FAIRBANKS — Phone problems forced the Alaska Department of Fish and Game in Fairbanks to put a special Fortymile caribou hunt planned along the Steese Highway next week on hold.
The department announced last week that the first 100 people to call in beginning at 8 a.m. Monday would be put on a list for the new, limited registration permit hunt — RC999 — that allows as many as 30 caribou to be taken along the road in the otherwise closed zone of the winter Fortymile caribou hunt.
But Fish and Game spokeswoman Cathie Harms said the department temporarily pulled the plug on the hunt after the agency’s phone system went down right at 8 a.m.
“Once we started answering the phone, things went down,” she said.
Phones were down for about an hour before some calls started to get through. Approximately 10 hunters did get through to get their names put on the list before the department experienced more phone problems.
At that point, the department decided to halt the phone-in hunt until it was confident the phones were working correctly, Harms said.
“The bottom line is the entire system was compromised, and we’re not confident the system was fair,” she said.
The department hasn’t decided when or if it will reschedule the hunt, Harms said.
“We’re not sure what our next step will be,” she said.
GCI spokesman David Morris said the system apparently crashed because of a staggering number of calls directed toward the two numbers Fish and Game was using for the call-in hunt. He said the network couldn’t take such a sudden, focused strain on its resources.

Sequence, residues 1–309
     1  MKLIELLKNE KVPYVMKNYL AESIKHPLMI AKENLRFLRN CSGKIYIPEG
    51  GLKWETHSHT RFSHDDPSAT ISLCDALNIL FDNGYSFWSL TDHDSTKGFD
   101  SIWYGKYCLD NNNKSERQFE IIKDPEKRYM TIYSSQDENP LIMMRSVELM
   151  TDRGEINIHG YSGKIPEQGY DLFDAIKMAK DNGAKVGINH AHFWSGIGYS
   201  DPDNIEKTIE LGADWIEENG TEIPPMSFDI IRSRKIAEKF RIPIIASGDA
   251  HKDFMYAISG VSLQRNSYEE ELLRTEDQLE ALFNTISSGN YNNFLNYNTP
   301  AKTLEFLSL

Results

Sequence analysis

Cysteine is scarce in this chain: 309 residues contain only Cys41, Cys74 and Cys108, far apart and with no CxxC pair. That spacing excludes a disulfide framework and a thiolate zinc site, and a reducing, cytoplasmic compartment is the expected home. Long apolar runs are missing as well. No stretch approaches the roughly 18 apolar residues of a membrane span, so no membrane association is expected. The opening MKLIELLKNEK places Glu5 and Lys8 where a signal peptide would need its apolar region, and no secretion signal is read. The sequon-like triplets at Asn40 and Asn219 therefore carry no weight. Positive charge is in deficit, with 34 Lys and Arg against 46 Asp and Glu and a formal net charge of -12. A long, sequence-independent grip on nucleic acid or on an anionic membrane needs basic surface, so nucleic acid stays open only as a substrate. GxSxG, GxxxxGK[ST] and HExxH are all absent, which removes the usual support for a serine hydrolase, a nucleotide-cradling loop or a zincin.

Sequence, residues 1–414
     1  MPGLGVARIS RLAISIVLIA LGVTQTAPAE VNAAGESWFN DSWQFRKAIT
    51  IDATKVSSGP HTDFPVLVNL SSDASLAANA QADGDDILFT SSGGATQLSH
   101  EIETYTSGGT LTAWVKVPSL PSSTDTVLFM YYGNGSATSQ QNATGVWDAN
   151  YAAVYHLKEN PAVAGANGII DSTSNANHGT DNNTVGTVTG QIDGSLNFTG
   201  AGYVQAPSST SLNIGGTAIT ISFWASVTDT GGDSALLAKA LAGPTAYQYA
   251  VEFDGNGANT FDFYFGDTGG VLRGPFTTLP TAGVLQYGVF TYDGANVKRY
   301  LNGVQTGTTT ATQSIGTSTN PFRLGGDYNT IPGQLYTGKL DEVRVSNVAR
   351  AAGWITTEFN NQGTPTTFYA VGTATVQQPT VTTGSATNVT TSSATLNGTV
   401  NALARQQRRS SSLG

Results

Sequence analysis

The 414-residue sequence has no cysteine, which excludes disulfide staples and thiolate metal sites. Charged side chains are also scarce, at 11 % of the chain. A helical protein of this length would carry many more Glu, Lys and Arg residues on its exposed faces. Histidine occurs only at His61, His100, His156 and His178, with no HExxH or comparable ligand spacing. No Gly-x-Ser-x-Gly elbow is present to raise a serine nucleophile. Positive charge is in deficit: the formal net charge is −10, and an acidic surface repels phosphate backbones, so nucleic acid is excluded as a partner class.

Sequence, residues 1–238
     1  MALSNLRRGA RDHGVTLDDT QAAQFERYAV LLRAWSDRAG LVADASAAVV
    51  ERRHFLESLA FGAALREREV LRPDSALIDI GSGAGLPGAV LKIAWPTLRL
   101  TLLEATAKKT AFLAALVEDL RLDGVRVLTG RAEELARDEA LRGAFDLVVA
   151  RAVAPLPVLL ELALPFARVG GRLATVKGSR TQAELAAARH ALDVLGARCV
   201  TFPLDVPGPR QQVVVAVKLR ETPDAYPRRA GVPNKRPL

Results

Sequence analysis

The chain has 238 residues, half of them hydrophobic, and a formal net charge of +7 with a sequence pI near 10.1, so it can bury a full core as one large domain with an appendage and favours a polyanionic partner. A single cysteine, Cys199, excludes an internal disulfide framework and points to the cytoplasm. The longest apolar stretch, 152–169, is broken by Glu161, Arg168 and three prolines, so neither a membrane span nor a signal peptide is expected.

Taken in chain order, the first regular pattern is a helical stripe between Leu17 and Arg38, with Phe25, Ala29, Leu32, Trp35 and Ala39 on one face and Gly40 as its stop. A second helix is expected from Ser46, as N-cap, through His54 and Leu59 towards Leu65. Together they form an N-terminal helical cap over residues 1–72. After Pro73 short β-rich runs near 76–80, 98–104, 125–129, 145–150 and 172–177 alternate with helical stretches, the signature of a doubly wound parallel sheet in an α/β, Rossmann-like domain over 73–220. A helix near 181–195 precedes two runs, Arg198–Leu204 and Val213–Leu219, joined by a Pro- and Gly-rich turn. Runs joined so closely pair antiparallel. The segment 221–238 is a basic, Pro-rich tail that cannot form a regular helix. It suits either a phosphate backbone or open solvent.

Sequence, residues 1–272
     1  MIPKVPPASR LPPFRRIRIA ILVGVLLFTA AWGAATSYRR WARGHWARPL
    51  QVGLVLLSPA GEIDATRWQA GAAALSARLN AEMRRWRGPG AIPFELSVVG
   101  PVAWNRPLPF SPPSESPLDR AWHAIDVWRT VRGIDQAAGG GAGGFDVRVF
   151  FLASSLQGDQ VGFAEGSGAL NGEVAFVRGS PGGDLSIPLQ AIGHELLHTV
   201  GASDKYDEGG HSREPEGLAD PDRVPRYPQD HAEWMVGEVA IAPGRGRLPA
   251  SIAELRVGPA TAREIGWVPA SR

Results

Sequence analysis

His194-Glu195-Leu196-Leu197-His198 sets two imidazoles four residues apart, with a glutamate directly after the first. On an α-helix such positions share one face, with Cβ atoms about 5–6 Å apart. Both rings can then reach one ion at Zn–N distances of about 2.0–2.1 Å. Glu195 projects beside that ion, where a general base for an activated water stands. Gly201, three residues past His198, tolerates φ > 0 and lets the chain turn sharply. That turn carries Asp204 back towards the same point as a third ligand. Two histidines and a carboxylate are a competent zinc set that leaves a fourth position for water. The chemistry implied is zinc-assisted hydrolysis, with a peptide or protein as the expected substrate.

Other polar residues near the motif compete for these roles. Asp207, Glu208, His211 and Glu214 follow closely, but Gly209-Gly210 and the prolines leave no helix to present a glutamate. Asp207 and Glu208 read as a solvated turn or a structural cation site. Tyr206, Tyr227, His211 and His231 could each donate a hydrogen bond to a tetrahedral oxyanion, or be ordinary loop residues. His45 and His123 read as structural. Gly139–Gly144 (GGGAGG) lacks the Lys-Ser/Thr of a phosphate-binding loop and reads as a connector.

“It looks like the switch just got overwhelmed with the call volume,” Morris said.
Morris said GCI rebooted that part of the network and that it has been trouble-free since the crash. He said the problems appeared to disrupt only a few lines at Fish and Game and didn’t create issues in other areas.
The hunters who did get through to get their names put on the list were contacted and told of the situation, Harms said. If the department does decide to reschedule the hunt, those hunters will have to call back in to get their names on the list, she said.
The special hunt was scheduled to open for the first 15 hunters on the list on Dec. 10. It was created last week because thousands of caribou are congregated on and along the Steese Highway, about 100 miles north of Fairbanks, making them easy targets for hunters. Fearing that hunters would kill more than the allotted 150 caribou if the hunt was opened under normal conditions, game managers closed the area that parallels the Steese Highway to hunting but created the special call-in road hunt to give some hunters an opportunity to kill caribou along the road.
News-Miner staff writer Jeff Richardson contributed to this story. Contact staff writer Tim Mowry at 459-7587. Follow him on Twitter: @FDNMoutdoors.